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According to the Substance Abuse and Mental Health Services Administration (SAMHSA), the construction industry has one of the highest rates of substance abuse and substance use disorders when compared with other US industries.
What’s more, a study by the Massachusetts Department of Public Health found that nearly a quarter of overdose deaths within a five-year period occurred among individuals who work in construction. The report also cites research indicating that injured workers are commonly prescribed opioid painkillers which can lead to addiction.
Clearly, there are high-risk factors involved in a number of construction industry jobs. Employees under the influence of drugs or alcohol put themselves and their colleagues in jeopardy by increasing the risk of accidents. Without question, addiction within our sector has become a public health issue which requires a comprehensive and thoughtful response.
It is important for management to understand and recognize the signs of substance abuse disorders, and individuals displaying these behaviors should be evaluated. Additionally, coworkers should be encouraged to discuss concerns with management in an environment of strict confidentiality. All employees should be made aware of programs and services available for help and support.
Recently, Boston building trade leaders held Building Trades Recovery Week which focused on breaking the stigma surrounding substance abuse, particularly opioid addiction, within the construction industry. This weeklong conference featured various discussions on initiatives, both locally and nationally, designed to address substance abuse and related issues. Among these speakers were Boston Mayor Marty Walsh, Frank Callahan of Massachusetts Building Trades Council, and Chris Herren, former Celtics player and substance abuse treatment advocate. A recent Boston Globe article spotlights the conference and reveals how two local men in the industry have benefited from the programs with assistance from IBEW Local 103.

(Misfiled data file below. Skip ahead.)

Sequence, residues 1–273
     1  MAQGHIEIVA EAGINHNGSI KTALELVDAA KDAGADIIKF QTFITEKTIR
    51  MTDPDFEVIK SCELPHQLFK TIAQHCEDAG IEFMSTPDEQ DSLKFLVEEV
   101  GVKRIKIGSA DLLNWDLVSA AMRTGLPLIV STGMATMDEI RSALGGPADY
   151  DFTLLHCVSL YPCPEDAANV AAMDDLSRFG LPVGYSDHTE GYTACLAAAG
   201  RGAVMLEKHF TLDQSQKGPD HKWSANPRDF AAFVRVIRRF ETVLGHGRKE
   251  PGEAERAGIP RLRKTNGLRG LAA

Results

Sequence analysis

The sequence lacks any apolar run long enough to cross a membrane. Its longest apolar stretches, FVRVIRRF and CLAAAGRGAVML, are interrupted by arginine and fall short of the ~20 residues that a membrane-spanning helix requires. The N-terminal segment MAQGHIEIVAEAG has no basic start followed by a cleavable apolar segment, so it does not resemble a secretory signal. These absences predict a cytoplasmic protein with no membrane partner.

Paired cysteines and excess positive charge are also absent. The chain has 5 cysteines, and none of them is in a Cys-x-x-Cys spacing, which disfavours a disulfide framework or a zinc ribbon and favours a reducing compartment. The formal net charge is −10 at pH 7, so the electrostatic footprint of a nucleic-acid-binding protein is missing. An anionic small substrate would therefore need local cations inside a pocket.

In an effort to raise awareness on dependency and the counseling and treatment services available to those affected, we have highlighted a few local programs:
Located in Quincy, Modern Assistance offers a full range of services, including support for substance abuse and mental health. Modern Assistance operates an Intensive Outpatient Program focused on education and treatment of addiction issues in a group setting. The program is designed for clients who are not in need of inpatient care but require the support of a structured day program. Modern Assistance also offers early recovery groups designed to educate clients about addiction, related behaviors and consequences using structured, group-specific content provided by a trained facilitator.
Massachusetts Association of Alcoholism and Drug Abuse Counselors (MAADAC)
MAADAC is a statewide organization dedicated to enhancing the health and recovery of individuals, families, and communities. Its mission is to lead, unify and empower those it serves to achieve excellence through education, advocacy, and knowledge, standards of practice, ethics, professional development, and research.
Massachusetts Organization for Addiction Recovery (MOAR)
MOAR represents and organizes over 1,000 recovering individuals, their families and friends across the state into a collective voice to educate the public about the value of recovery from alcohol and other drug addictions. MOAR provides peer recovery support services to build a strong voice for recovery; and seeks to enhance the continuum of care services with an emphasis on youth and families.
It is no secret that substance abuse and the opioid epidemic affects countless Massachusetts families including many working within the construction industry. It is crucial to break the silence and end the stigma surrounding addiction in order to help rebuild lives.